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FOOTLOOSE

It Used to Be 'Lard Bay,' But, Oh, Look at it Now

February 18, 1990|BEVERLY BEYER and ED RABEY | Beyer and Rabey are Los Angeles travel writers .

MONTEGO BAY, Jamaica — Columbus called this bay El Golfo de Buen Tiempo because of the fair weather he encountered, but 16th-Century Spaniards changed it to Bahia de Mantega, or "lard bay," because of their brisk trade in shipping the clarified fat. Somehow the unromantic latter name evolved into Montego Bay.

The British arrived in 1655 and, with cannons blazing, routed the Spaniards. They held onto Jamaica until the island gained independence in 1962.

Jamaica's economy hit the doldrums when the sugar and bauxite markets fell. Then the north coast came to the rescue with tourism, and this stretch of beach became the standard bearer.

What captivated Columbus and countless visitors since him about this spot are its colors: ribbons of cobalt-aqua-turquoise water along the shoreline, endless white beaches fringed with lush green rain forest, flaming bougainvillea, poinciana and hibiscus.

Getting here: Fly Air Jamaica nonstop, or Eastern, American or Northwest with changes.

How long/how much? Unless you're stopping at other Jamaican resorts, plan on at least a week to soak up plenty of sun and get into the laid-back life style. High-season lodging costs (mid-December until April 30) climb pretty high, but dining is a bargain year-round.

A few fast facts: The Jamaican dollar recently traded at 6.4 to ours, about 15.6 cents each. Weather is balmy to hot all year, with October and May the wettest months. Even then, rains do not last long.

Getting settled in: Hotel Gloucestershire (Gloucester Avenue; $105 to $125 double, high season; $70-$90 low) is in midtown, just across the street from a very popular beach. Most of the hotel's 88 air-conditioned rooms have balconies overlooking the bay, and there's also a pool and Jacuzzi. The Gloucestershire puts you near the center of things, with a short walk to shops, restaurants and the town market.

Holiday Inn (Rose Hall; $128-$159 double, winter; $96-$118 summer) is a huge, eight-building complex with four dining rooms, half a dozen bar-lounges, enormous pool and its own beach. Nothing intimate about this one, but you'll find every activity under the sun here and tennis at night. There's also nightly dancing and entertainment. Bedrooms are generous in size, each with a balcony.

Cariblue Beach Hotel (Ironshore; $75-$82 double winters; $55-$60 summers) is our budget special, an older and modest-but-comfortable place right on the water. Its King Arthur's restaurant and bar is a local gathering place, and you'll find it tough to beat these prices.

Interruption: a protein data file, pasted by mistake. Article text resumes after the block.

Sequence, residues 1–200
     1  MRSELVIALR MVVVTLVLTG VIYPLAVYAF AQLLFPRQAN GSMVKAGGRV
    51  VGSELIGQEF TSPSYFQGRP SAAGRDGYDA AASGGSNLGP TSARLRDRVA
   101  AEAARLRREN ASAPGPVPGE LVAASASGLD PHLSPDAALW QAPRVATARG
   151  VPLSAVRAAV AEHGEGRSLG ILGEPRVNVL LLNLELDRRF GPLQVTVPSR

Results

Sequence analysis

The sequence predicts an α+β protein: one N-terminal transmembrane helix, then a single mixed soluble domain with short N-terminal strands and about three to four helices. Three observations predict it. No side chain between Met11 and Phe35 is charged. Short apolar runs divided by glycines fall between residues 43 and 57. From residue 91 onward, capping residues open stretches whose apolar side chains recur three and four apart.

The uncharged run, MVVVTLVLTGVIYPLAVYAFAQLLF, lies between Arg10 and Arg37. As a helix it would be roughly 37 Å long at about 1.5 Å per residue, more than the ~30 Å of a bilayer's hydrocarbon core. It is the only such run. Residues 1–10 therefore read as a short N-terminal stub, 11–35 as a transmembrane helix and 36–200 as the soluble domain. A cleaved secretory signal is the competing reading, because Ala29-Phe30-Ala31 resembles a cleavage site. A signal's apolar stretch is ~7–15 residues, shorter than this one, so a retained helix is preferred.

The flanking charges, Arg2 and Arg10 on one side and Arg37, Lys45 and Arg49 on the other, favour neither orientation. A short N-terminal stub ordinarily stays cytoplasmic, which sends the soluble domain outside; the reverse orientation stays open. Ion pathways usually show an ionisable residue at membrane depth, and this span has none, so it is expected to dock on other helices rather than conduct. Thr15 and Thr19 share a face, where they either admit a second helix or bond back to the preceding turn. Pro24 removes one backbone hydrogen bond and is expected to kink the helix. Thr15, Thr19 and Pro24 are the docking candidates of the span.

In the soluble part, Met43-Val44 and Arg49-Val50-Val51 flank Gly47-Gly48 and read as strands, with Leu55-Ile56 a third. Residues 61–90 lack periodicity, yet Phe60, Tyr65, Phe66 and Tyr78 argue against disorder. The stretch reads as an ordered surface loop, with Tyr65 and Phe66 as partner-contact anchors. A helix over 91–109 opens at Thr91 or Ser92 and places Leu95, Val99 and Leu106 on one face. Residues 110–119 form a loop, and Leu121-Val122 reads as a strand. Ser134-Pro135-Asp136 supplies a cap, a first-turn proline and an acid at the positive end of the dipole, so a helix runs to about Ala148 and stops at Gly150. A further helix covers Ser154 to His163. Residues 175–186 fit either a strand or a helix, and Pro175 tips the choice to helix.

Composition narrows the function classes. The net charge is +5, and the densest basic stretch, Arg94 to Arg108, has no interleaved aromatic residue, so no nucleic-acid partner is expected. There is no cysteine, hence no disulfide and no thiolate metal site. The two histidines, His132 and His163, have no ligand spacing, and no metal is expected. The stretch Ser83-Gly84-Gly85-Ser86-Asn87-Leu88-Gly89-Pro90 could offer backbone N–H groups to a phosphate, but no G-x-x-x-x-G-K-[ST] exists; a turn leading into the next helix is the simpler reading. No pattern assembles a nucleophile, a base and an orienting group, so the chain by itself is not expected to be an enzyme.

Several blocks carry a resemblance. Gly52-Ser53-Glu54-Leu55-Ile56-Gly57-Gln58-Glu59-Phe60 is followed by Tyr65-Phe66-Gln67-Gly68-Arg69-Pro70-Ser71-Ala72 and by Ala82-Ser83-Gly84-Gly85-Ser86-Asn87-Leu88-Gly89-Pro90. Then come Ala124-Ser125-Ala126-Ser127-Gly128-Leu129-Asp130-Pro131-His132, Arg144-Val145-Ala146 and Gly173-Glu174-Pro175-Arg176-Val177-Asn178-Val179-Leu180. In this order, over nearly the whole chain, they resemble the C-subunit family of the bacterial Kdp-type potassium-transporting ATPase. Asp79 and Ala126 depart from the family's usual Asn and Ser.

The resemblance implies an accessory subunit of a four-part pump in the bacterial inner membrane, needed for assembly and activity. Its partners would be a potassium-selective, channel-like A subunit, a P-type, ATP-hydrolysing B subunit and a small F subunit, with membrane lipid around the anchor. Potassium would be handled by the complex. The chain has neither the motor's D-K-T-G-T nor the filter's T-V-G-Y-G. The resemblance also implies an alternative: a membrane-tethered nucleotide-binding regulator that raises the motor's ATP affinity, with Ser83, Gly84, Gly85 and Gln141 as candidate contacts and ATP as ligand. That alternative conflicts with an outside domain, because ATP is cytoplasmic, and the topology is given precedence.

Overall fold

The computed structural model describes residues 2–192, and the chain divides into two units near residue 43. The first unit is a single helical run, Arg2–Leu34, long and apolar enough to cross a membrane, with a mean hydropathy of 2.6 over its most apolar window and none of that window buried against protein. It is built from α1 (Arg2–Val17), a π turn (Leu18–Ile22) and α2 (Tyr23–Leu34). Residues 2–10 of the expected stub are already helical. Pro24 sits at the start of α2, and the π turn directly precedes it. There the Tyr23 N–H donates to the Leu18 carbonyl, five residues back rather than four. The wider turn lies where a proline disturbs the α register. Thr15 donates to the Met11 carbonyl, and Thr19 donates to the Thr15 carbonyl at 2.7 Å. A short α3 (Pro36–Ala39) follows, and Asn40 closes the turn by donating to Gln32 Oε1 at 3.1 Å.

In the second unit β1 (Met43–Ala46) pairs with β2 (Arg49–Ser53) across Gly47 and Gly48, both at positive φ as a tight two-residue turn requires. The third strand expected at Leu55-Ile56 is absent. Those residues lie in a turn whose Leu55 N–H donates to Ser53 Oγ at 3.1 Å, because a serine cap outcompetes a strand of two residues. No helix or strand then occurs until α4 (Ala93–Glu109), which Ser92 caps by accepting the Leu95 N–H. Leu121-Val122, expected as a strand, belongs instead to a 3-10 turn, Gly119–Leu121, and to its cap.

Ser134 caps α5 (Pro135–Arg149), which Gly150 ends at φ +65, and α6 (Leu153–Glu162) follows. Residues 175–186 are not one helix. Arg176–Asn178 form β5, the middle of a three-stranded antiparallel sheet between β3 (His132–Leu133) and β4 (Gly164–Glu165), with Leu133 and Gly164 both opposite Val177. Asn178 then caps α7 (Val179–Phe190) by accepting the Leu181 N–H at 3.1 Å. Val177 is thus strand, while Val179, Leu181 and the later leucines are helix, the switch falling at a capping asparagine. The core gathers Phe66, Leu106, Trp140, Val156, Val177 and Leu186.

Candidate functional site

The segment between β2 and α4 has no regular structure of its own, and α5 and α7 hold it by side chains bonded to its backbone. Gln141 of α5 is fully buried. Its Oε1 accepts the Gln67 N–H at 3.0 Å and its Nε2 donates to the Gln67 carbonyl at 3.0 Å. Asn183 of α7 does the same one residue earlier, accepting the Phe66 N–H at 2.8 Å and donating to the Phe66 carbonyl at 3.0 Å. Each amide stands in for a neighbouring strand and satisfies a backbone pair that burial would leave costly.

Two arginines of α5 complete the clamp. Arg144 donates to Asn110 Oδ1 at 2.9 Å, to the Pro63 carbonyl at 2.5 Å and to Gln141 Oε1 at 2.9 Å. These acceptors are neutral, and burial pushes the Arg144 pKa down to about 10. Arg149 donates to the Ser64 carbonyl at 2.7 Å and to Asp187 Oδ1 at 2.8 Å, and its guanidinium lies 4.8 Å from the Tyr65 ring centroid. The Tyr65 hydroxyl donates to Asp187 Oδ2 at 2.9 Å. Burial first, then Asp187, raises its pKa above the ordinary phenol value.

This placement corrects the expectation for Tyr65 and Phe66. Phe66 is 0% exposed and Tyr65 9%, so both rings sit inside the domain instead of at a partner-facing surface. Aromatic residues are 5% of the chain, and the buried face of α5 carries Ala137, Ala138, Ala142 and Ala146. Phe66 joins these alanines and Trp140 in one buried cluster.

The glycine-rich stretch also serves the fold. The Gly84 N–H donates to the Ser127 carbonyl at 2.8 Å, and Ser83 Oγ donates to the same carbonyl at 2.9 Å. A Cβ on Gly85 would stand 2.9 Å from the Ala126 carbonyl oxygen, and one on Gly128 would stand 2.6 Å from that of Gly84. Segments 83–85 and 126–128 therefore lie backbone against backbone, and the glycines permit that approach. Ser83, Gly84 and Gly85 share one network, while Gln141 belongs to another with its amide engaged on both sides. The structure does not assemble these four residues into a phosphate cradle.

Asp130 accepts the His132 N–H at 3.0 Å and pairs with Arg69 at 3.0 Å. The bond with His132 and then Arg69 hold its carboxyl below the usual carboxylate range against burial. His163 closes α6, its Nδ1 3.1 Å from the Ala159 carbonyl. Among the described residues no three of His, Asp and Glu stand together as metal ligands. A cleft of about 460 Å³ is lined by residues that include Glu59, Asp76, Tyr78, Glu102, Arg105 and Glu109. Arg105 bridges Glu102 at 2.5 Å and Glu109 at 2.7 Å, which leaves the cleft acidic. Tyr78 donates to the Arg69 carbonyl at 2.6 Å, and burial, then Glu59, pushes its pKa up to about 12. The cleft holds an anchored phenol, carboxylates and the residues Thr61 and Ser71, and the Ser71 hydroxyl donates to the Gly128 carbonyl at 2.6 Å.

Regional food and drink: Read any menu in Jamaica and you're sure to see two staples: callaloo (spinach-like greens) and ackee , a rather bland pod fruit. The former is eaten straight, or made into hot or cold soups. Ackee mixed with salt fish (cod) comes close to being the national dish.

Jerk pork or chicken gets its name from the distinct preparation: the meat is scored, ladled with a paste made of ground scallions, hot pimento pepper and thyme, allowed to marinate, then barbecued slowly. The glorious results are unlike any meat you've ever tasted. If you wish to try making it at home, pick up a jar of Busha Browne's jerk seasoning and give it a go.

Jamaica's Red Stripe beer is the perfect drink with jerk pork, and Appleton's rum is the island's finest.

No mention of Jamaican potables is complete without several kudos to its Blue Mountain and High Mountain coffee. We picked up a pound each of the Martinez brand, which you'll find in gourmet shops at home.

Fine dining: Stop in at the Pork Pit for your introduction to a super-heated version of jerk pork, chicken and fish, all eaten outside at long tables beneath the trees.

The Pelican (Gloucester Avenue) has a coffee-shop atmosphere but excellent seafood. Its Cascade Room is more formal, with candlelight and waterfalls right outside the picture windows. Start with the smoked marlin or conch chowder, then have a go at one of the five lobster dishes. They also serve a wonderful curried goat, an island favorite.

The Georgian House (2 Orange St.) is a restored 18th-Century town house that is all elegance and grace. Dine in the lovely garden courtyard or among gleaming brass chandeliers and hurricane lamps, period furnishings, beautiful place settings and flowered draperies. A rather short menu offers select seafoods, plus such temptations as tournedos Rossini.

Going first-class: Half-Moon Club (Rose Hall; $240-$340 double, winter; $156-$180 summer) sits on 400 acres strung out along a mile of curving beach. The architecture and furnishings are a fetching mixture of an early Jamaican plantation house and 18th-Century English, with lots of white wicker furniture, Queen Anne reproductions and marvelous Jamaican art works.

Most rooms are within 20 feet of the beach. There's a Robert Trent Jones-designed golf course and a dozen tennis courts on the property, plus a spa-gym, horseback riding and water sports.

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